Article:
ISIS Executes Additional Hostage; Graham, Reed Divided on Use of American Ground Troops
The militant terrorist group Islamic State (IS, also ISIS or ISIL) claims to have executed another Western citizen. ISIS released a video on Friday showing the decapitation of Alan Henning, a Briton who was captured while engaging in humanitarian work in the Middle East. Additionally, the group threatened to kill Peter Kassig, a former Army Ranger who had established a humanitarian organization to aid refugees fleeing the civil war in Syria, where ISIS has a strong presence.
As ISIS continues to threaten to kill hostages, Western nations continue to debate how best to defeat the group. One of the most divisive questions has been whether the United States will send ground troops to Iraq and Syria to battle ISIS. On Sunday, Republican Senator Lindsey Graham of South Carolina called for use of ground forces against ISIS. “At the end of the day, you cannot destroy ISIL in Syria without a ground component”, he said on CNN’s State of the Union. “So, Mr. President, level with the American people. You need boots on the ground…American soldiers need to go back to Syria and Iraq as part of a coalition”, he said.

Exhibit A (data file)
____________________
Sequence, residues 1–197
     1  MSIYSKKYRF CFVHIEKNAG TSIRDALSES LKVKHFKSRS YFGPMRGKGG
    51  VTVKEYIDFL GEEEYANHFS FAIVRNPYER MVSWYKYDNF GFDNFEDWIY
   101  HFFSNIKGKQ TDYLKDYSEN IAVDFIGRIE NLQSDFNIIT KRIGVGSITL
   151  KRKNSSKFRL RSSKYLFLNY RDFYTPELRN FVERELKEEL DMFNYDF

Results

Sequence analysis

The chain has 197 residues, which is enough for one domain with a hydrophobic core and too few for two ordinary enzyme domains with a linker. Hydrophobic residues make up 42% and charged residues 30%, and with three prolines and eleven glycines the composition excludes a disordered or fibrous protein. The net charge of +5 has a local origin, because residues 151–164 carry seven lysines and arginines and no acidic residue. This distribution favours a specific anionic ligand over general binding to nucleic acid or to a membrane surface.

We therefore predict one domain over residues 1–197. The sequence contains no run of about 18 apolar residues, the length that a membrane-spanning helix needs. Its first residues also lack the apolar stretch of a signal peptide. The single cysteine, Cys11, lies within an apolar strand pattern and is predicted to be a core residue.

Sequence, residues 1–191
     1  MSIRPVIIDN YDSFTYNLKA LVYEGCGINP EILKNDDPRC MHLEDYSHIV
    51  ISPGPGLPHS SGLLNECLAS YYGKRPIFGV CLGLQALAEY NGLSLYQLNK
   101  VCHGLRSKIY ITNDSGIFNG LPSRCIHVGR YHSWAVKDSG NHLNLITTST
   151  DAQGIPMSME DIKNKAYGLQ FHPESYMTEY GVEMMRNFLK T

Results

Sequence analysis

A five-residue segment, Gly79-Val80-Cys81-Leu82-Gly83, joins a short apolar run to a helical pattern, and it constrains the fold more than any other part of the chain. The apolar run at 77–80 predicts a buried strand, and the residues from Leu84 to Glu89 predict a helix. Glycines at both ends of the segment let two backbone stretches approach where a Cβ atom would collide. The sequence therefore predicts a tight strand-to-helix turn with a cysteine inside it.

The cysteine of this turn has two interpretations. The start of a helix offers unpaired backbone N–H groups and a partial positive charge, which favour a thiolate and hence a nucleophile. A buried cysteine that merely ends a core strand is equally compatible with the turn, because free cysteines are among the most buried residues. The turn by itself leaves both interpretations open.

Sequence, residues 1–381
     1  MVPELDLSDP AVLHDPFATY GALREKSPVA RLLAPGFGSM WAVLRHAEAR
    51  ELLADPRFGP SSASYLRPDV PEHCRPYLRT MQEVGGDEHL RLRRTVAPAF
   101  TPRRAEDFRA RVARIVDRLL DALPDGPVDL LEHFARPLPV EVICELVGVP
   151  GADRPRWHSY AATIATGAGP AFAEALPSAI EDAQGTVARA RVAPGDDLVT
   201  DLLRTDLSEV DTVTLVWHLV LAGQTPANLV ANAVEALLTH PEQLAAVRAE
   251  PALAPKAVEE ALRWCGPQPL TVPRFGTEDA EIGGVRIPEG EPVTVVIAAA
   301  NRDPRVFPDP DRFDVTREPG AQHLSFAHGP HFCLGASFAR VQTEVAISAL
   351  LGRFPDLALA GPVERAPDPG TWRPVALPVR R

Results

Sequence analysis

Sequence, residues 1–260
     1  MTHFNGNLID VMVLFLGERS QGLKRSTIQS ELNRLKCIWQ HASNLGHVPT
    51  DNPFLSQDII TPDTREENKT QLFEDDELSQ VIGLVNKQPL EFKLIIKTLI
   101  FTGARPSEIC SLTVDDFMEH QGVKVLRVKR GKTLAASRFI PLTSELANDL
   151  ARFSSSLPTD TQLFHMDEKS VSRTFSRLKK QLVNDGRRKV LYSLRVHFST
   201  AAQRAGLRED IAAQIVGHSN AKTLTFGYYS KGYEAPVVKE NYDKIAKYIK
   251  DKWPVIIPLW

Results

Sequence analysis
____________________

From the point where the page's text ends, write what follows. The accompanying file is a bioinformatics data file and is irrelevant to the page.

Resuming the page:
Appearing shortly after Senator Graham, Democratic Senator Jack Reed of Rhode Island called for continued airstrikes, but opposed the use of American ground troops against ISIS. “I think the most effective way to use the best aspects of both countries is our superiority in the air, our ability for intelligence, for surveillance…and getting the Iraqi forces up to speed so that they can conduct military operations on the ground”, he said.
Whether or not the United States sends troops to fight ISIS in the Middle East, another aspect of defeating the group is preventing people from joining. In September, the United Nations Security Council passed a resolution calling on countries to combat terrorist groups’ recruitment efforts. However, this can be a challenge. For instance, the Indonesian government is limited in its abilities to crack down on recruitment efforts. The spokesman for the National Police said that a person could not be charged with a crime unless they have a history of “terrorism activities”. An estimated 200 Southeast Asians are fighting for ISIS, and most of these are reportedly from Indonesia.
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